we carry each other

I’ve been thinking about my tribe. A group of people who have become necessary, constant. How as a mother, support and trust, an intimate community has become essential.

We search for it everywhere. We move house or stay put for it. We wonder, when we meet someone, if they could be one of our tribe.

Articles flood parenting forums about how we all need sister-wives and a collective ‘Yes!’ hits from all directions. We want this. We need this, but we don’t know how to live in this way anymore – amongst others, sharing space, giving our time so freely.

We have built walls around everyhing we do and we struggle on, unnecessary islands in need of each other.

I had this idea of a tribe in my head for a long time, since I first held my newborn daughter and read The Continuum Concept and learnt how there were women all over the world refusing isolation, demanding that they find one another.

I dreamt of a village full of people who parented in some kind of similar way, who could hold the darkest moments with you and celebrate the lightest. I fought for this. I searched and came close, sometimes, and sometimes felt the disappointment of trying to make someone into a person they were not.

I learnt to let go, and say no more. I learnt that conflict and competition were not driving forces in good relationships. I learnt to say, ‘Good for you, not for me.’ And when I knew what was not okay too, my time became so much more precious and it was easier to dig out the people I wanted to give it to.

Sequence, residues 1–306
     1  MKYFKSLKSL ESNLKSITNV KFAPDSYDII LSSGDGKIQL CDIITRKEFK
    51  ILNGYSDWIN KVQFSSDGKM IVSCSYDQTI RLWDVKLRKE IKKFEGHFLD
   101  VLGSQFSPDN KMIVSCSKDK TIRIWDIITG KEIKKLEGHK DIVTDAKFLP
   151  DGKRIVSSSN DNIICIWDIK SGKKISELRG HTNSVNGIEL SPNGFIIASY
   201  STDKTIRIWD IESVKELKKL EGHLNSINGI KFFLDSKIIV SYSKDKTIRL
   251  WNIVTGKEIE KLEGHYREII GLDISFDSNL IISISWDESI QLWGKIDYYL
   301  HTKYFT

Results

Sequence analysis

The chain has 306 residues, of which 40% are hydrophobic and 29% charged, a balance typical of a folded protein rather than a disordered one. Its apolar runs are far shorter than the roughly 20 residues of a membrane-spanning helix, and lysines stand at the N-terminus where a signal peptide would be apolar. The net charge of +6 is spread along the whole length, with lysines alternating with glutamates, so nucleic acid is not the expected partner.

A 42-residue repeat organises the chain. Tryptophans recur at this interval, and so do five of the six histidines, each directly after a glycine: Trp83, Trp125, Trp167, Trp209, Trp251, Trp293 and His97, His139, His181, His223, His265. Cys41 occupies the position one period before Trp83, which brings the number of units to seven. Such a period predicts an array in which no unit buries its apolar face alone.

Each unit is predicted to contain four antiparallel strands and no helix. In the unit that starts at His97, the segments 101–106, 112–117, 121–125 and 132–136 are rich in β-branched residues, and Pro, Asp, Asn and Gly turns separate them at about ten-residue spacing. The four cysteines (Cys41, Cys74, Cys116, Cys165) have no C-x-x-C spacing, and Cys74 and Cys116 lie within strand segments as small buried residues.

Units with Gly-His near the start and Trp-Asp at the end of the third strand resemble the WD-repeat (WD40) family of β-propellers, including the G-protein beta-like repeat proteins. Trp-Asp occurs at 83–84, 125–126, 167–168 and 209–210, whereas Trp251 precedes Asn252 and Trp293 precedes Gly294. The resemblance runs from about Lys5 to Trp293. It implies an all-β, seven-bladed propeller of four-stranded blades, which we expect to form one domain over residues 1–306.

I felt the pull of good friends, old friends, all over the world. People I see so rarely, but who are my people nonetheless . I held the dream that one day we would find ourselves in the same space once again, and we would laugh at how funny and silly our lives were, how everything and nothing had changed.

And one day I looked around at where I was, without thinking of anywhere else, and I saw it. I saw a tribe of women around me. Each of us in our separate homes, but not separate either. A village of people who had become important and necessary. Not alone. Not islands. Women who had woven their way into my life and had become my people.

People to talk to at 3am when you can’t sleep, people who go to the darkest place with you because they understand the darkest places exist whether you want them to or not.

I see these women. I notice them and I feel noticed. I feel that we are creating something so beautiful out of the ordinary moments of our lives, watching our kids and trying to figure out what and who we are in the thick of loving these tiny humans.

I know that my days are shaped by knowing them and the choice to let them in, to be there for them, too. I know they will carry my babies in their arms and in slings, would nurse them if I asked, because I know they love my children the way I love theirs.

Maybe we don’t need communes or tents but a choice to soften our edges and let the right ones in. To love and be loved. To be vulnerable and open with those who will tell us, ‘I’m here for you’ when you don’t know what to do.

Over time, we learn how to hold space. We talk about dinners and partners. About work and people who annoy us. We bring each other food. We drink iced coffees and whisper secrets in the garden whilst our kids dig in the sandbox. We laugh at dirty things.

We hold space for each other. We know not to decide what matters and what doesn’t. We hold it all equally and over time we find we have become a part of each other that is immovable.

We carry each other.

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About Kendal

I'm Kendal Mosley-Chalk. I live in York with my husband and two children.
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One Response to we carry each other

  1. orangecouchanne says:

    Go to sleep! I can’t believe you wrote such a deep and moving post during 3:30am insomnia. You are amazing as always. Keep holding my place, I’ll be back to fill it soon.

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